How impactful is climate change scientific research on climate change policy? Are there any statistics which help to visualise the effectiveness of new scientific findings or new technology innovation inducing a change in government policy to help kerb climate change? Even any papers regarding this will be appreciated.
Climate change is a complicated subject which is difficult to predict with accuracy. The IPCC's predictions at least since their 3rd report (TAR) appear to be quite good, but good over the first few years or decade and a half vs good for predictions up to 2100 remains inexact and perhaps unclear.
Governments (many not all) do rely in the scientific research of the IPCC both to anticipate coming changes and determine action, but these are difficult questions, as a global effort is required to reduce the greenhouse gas footprint, and individual nations can only control their own policies. Even if we know, 100%, the future effects of climate change, it would still be a difficult transition away from fossil fuels towards a more climate neutral approach because (If I may borrow the word from Al Gore), fossil fuels are convenient. They're relatively easy, especially for nations that don't need to import them and they're economically viable.
That's a general outline. The scientific predictions are important because without them, government leaders would be making policy decisions blind (as opposed to making them based on imperfect projections), and imperfect is better than blind.
There are similar predictions/estimates made across the gamut in political policy decisions. Estimates are made on future costs of government programs and on tax policies and national debt, or trade. We're always trying to make mathematical or scientific estimates which, in theory, help leaders make predictions for the future.
Ofcourse, sometimes, you get leaders who don't care, who don't listen to the forecasts, climate change or economic indicators. Politics is a messy game.
Are there any statistics which help to visualise the effectiveness of new scientific findings or new technology innovation inducing a change in government policy to help kerb climate change?
I don't know where you'd find such statistics and I've never seen any. Statistics can be a tricky business with a long game approach like this one. There's a lot of factors.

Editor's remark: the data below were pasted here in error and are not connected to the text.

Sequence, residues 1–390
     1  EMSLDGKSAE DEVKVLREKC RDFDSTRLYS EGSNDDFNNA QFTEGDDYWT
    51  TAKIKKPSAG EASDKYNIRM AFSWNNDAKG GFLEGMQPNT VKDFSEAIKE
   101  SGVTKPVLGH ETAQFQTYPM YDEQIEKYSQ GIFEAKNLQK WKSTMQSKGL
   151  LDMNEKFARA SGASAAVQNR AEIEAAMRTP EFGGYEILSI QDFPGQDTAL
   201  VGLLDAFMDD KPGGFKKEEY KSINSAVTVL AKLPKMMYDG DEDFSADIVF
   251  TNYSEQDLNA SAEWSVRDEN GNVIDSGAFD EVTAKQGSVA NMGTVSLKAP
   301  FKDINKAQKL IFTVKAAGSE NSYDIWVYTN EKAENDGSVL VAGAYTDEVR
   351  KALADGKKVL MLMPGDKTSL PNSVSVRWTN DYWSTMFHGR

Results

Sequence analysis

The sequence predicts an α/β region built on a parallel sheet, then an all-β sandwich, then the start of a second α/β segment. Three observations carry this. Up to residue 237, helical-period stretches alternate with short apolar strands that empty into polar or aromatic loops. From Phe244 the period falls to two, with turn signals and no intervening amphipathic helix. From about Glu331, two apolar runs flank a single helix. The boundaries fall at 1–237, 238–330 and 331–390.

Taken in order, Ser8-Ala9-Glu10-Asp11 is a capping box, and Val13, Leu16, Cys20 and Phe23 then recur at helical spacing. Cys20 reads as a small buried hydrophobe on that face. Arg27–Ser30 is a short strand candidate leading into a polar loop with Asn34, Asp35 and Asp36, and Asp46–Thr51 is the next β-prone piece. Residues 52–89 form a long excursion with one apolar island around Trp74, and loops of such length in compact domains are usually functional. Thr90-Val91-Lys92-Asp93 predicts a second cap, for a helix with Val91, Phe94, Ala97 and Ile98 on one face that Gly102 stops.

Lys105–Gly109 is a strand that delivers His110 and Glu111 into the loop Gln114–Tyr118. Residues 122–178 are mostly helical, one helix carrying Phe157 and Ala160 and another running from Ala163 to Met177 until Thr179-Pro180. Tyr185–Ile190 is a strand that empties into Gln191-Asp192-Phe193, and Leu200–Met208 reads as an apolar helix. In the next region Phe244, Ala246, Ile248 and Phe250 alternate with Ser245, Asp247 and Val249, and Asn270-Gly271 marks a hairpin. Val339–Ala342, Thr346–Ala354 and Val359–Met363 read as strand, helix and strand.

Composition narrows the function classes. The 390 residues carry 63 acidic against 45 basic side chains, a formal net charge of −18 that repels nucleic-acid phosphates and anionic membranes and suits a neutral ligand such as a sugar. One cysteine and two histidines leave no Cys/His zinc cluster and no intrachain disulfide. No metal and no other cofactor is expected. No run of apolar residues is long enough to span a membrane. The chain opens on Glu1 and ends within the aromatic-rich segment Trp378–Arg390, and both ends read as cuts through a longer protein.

Climate change research has a big impact on government policy with some governments, but not all. Governments are in a tricky position, on the one hand they would like to appease climate change hysteria and play it safe, on the other hand they don't want to handicap their industries, lower national prosperity and raise unemployment by fulfilling the demands of the greens and taking drastic steps to reduce CO2 emissions. There is no doubt at all that climate change is happening, because it has always been happening. At present we are on a warming trend which began about 12,000 years ago. At present, atmospheric CO2 levels are about 400 parts per million and rising, but they have been a lot higher within historical times, and far higher within the last half-a- billion years. An added complication is that it is impossible to distinguish between anthropogenic CO2 and CO2 from natural sources, and there are many other factors which complicate the issue.
Take glacial retreat for example. There is scientific consensus that most glaciers are melting and on the retreat, but a surprising number, hundreds rather than dozens, are advancing. This is not to say there is no global warming, scientific opinion is that global warming is a reality and that rising CO2 levels will exacerbate it, but by how much is uncertain. A further complication is that increased CO2 levels promote increased plant growth (by plant growth I mean everything from rainforest, peat bogs and agricultural crops to marine cyanobacteria, algae and phytoplankton),so to some extent rising CO2 levels are self-correcting. There is a danger, however, that this self-correction mechanism could be swamped if CO2 levels rise too quickly.
One thing you can be sure of is that the reductions in CO2 emissions which environmentalists tell us are necessary will not be met or even almost met by the major emitters. Regardless of whether countries like UK meet their targets or not, major industrial countries like USA, China, Russia and India won't. That is a fact that people will just have to get used to, and if the consequences are catastrophic (lets hope they won't be) we will just have to live with them. Perhaps the start of the next ice age will rescue us; despite Milankovitch cycles they are not entirely predictable. There was a 450-year Little Ice Age, beginning about AD 1350 and ending about AD 1800, which no one can explain. Scientific advances like electric vehicles will help, but it will take a major breakthrough like the perfection of fusion reactor power stations to make a really important difference.